At times, a poignantly realistic portrait of a marriage that lost its carbonation at the twenty-fifth anniversary bench mark; two individuals, strangers, who have built fortresses around their inadequacies, insecurities, sleeping in separate bedrooms, barely acknowledging each other’s existence. “Kay” (another fine performance by Meryl Streep) recognizes the size of the crater separating her from the man she married and thinks she still loves, “Arnold” (Tommy Lee Jones, a problematic performance, partially redeemed midway), a curmudgeon, accountant, whose wife is at best a mirage, who prepares, surfaces at mealtimes. Arnold is so obtuse and surly it was a challenge to imagine what she saw in him thirty plus years ago. The movie commences on their thirty-first wedding anniversary; sad, saccharine, pathetic non-celebration. “Hope Springs” is more tragic than comedic.
Kay initiates “couples therapy”, she is being strangled by loneliness, loss of intimacy; she is aware of her ageing visage, staring wistfully in the mirror, but not without optimism, at the woman she has become; is she unworthy of love, communication, companionship? Hope, expectation, initiates with Kay. She plans a week in the small town of “Great Hope Springs”, Maine, under the tutelage of psychiatrist, Dr. Feld ( a bland, benign but sincere, Steve Carell) hoping for a miracle (along with the audience) to ignite a spark, a plea for rejuvenation; a longing for the delicious absent flavor of remembered passion; a passion that should have been savored, nurtured, instead of starved, shunned, ignored for years.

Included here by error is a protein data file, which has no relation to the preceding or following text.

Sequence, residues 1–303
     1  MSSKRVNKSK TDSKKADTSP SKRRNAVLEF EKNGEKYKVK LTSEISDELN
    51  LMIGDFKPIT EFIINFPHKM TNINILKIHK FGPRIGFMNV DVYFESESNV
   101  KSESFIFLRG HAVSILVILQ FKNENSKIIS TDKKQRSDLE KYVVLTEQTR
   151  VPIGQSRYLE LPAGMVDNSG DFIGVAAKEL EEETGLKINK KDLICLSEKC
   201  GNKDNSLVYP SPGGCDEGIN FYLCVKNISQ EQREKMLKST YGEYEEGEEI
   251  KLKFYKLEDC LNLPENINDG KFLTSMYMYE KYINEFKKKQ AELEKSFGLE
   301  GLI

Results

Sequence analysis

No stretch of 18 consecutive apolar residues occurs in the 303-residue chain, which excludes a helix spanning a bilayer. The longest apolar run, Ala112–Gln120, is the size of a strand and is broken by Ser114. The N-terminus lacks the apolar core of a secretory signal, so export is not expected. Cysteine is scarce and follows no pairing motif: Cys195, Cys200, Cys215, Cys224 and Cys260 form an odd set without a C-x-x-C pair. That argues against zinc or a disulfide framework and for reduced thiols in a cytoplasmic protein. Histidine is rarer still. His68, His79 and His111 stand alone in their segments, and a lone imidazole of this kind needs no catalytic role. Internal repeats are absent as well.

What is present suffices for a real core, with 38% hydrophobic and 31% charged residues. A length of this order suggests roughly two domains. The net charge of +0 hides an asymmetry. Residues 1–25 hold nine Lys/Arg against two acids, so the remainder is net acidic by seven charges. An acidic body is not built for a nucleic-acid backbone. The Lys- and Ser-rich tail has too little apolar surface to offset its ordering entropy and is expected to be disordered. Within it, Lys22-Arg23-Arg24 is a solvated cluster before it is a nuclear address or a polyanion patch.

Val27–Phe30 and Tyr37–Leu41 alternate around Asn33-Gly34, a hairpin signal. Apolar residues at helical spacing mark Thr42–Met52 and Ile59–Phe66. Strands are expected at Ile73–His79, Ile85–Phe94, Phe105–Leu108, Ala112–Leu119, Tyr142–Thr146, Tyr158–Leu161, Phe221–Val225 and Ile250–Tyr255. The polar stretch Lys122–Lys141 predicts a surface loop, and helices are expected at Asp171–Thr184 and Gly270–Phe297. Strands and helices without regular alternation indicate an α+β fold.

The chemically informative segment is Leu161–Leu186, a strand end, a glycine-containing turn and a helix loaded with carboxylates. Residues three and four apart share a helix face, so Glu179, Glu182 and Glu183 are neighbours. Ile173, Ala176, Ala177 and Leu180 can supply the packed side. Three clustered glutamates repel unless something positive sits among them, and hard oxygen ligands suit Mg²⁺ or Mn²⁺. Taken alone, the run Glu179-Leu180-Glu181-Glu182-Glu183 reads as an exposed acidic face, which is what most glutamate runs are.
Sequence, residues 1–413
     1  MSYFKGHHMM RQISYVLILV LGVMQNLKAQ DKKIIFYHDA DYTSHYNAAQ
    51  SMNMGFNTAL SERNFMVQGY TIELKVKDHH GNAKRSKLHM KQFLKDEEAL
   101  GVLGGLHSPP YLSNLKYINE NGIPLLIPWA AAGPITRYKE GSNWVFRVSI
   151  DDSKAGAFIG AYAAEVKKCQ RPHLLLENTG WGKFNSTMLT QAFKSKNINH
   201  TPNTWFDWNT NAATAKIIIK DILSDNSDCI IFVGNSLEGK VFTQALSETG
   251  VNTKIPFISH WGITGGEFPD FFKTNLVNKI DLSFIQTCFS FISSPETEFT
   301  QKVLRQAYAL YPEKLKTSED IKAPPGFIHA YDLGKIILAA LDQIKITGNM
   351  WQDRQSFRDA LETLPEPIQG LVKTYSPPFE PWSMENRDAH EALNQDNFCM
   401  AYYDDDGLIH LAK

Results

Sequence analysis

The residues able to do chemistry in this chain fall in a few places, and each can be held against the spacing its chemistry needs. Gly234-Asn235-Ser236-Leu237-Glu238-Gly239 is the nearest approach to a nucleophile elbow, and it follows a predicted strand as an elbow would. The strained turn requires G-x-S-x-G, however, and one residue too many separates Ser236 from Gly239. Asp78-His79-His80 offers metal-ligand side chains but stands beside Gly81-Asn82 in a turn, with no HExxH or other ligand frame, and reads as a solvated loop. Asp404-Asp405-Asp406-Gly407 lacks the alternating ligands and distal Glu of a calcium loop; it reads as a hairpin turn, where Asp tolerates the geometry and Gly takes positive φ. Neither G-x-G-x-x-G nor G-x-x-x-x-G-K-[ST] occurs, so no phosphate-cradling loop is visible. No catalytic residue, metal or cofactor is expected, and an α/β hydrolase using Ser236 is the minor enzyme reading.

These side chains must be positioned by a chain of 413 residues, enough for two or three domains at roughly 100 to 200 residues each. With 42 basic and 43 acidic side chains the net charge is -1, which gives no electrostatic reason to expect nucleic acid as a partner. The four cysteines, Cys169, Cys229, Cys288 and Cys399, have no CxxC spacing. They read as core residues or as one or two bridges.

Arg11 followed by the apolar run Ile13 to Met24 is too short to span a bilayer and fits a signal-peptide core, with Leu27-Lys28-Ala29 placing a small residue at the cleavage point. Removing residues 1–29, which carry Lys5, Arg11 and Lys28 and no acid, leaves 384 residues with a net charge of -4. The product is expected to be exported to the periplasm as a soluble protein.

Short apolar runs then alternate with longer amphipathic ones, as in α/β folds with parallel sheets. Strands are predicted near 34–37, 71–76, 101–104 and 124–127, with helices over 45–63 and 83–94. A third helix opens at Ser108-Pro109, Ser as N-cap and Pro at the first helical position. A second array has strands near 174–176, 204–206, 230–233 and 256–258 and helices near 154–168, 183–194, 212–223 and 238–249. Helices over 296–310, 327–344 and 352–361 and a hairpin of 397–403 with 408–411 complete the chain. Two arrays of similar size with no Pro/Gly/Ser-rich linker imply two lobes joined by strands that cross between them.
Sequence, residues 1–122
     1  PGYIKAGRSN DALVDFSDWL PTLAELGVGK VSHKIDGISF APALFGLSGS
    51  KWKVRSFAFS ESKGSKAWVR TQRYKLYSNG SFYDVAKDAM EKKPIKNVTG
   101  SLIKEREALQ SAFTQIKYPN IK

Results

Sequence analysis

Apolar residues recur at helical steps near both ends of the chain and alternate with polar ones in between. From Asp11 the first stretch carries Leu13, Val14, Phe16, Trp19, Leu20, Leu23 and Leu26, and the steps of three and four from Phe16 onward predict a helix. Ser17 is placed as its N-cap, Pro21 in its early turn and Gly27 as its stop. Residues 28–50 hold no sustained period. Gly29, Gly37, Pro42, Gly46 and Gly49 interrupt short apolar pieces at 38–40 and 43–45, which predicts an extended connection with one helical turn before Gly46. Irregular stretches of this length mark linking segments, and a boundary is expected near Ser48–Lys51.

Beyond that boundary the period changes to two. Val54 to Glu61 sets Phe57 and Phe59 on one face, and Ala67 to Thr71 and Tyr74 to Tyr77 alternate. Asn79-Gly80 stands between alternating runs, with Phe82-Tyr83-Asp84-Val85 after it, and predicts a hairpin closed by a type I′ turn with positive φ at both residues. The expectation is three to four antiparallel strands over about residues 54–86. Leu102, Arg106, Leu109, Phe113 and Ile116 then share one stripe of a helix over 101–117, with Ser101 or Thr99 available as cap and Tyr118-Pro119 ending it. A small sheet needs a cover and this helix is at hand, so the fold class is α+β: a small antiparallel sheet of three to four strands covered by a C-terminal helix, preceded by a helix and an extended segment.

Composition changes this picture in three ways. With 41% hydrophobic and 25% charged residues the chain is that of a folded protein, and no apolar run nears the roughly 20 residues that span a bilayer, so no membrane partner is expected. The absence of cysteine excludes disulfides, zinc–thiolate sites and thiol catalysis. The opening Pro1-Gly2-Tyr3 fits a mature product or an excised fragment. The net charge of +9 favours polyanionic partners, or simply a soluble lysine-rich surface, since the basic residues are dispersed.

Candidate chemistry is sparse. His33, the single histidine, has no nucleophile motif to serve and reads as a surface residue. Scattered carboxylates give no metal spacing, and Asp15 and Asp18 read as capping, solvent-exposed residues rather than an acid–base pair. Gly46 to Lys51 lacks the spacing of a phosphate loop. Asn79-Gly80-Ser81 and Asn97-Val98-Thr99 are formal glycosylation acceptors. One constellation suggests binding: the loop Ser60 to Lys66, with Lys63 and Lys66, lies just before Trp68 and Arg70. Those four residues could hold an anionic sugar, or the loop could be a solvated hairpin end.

We live in a milieu where there is constant bombardment, advertisements, for chemical aids, enhancements for potency, intimacy; we see smiling couples, “seizing the moment”; the darker side are the multitudes of dysfunctional marriages, relationships, living in dehydrated vacuums, lacking the gumption to correct, fight for revival, attentiveness in their partner; settling in a murky, mundane aura of stagnation, ennui. Kay at one point sates she would be less lonely, if she were alone; she had aspirations, spunk, courage.
“Hope Springs” exceeds boundaries and one’s comfort level in unearthing unspoken fantasies, needs; it is a compelling lesson for all marriages, partnerships; there should be a cherished vitrine in one’s heart where the loved one remains wrinkleless, sagless, perfectly -sighted, joyously, profoundly flawless as the first moment you knew…this is love.